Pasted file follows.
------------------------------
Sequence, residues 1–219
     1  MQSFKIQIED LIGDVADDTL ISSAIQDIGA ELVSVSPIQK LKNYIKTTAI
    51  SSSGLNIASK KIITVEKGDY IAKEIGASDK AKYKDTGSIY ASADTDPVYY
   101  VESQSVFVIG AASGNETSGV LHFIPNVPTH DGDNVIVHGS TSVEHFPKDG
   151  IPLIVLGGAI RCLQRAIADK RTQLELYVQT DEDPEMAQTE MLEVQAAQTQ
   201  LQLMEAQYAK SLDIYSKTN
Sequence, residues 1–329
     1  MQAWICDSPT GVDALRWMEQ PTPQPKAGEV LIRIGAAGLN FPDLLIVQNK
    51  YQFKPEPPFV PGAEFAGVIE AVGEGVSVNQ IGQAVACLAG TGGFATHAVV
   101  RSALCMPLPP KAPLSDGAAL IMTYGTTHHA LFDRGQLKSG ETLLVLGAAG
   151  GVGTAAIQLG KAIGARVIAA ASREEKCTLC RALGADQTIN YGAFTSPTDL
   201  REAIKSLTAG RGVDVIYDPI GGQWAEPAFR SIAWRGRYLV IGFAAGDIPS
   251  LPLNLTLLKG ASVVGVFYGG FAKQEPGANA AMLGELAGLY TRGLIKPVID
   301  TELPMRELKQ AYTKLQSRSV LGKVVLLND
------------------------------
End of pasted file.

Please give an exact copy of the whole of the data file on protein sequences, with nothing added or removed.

Sequence, residues 1–219
     1  MQSFKIQIED LIGDVADDTL ISSAIQDIGA ELVSVSPIQK LKNYIKTTAI
    51  SSSGLNIASK KIITVEKGDY IAKEIGASDK AKYKDTGSIY ASADTDPVYY
   101  VESQSVFVIG AASGNETSGV LHFIPNVPTH DGDNVIVHGS TSVEHFPKDG
   151  IPLIVLGGAI RCLQRAIADK RTQLELYVQT DEDPEMAQTE MLEVQAAQTQ
   201  LQLMEAQYAK SLDIYSKTN
Sequence, residues 1–329
     1  MQAWICDSPT GVDALRWMEQ PTPQPKAGEV LIRIGAAGLN FPDLLIVQNK
    51  YQFKPEPPFV PGAEFAGVIE AVGEGVSVNQ IGQAVACLAG TGGFATHAVV
   101  RSALCMPLPP KAPLSDGAAL IMTYGTTHHA LFDRGQLKSG ETLLVLGAAG
   151  GVGTAAIQLG KAIGARVIAA ASREEKCTLC RALGADQTIN YGAFTSPTDL
   201  REAIKSLTAG RGVDVIYDPI GGQWAEPAFR SIAWRGRYLV IGFAAGDIPS
   251  LPLNLTLLKG ASVVGVFYGG FAKQEPGANA AMLGELAGLY TRGLIKPVID
   301  TELPMRELKQ AYTKLQSRSV LGKVVLLND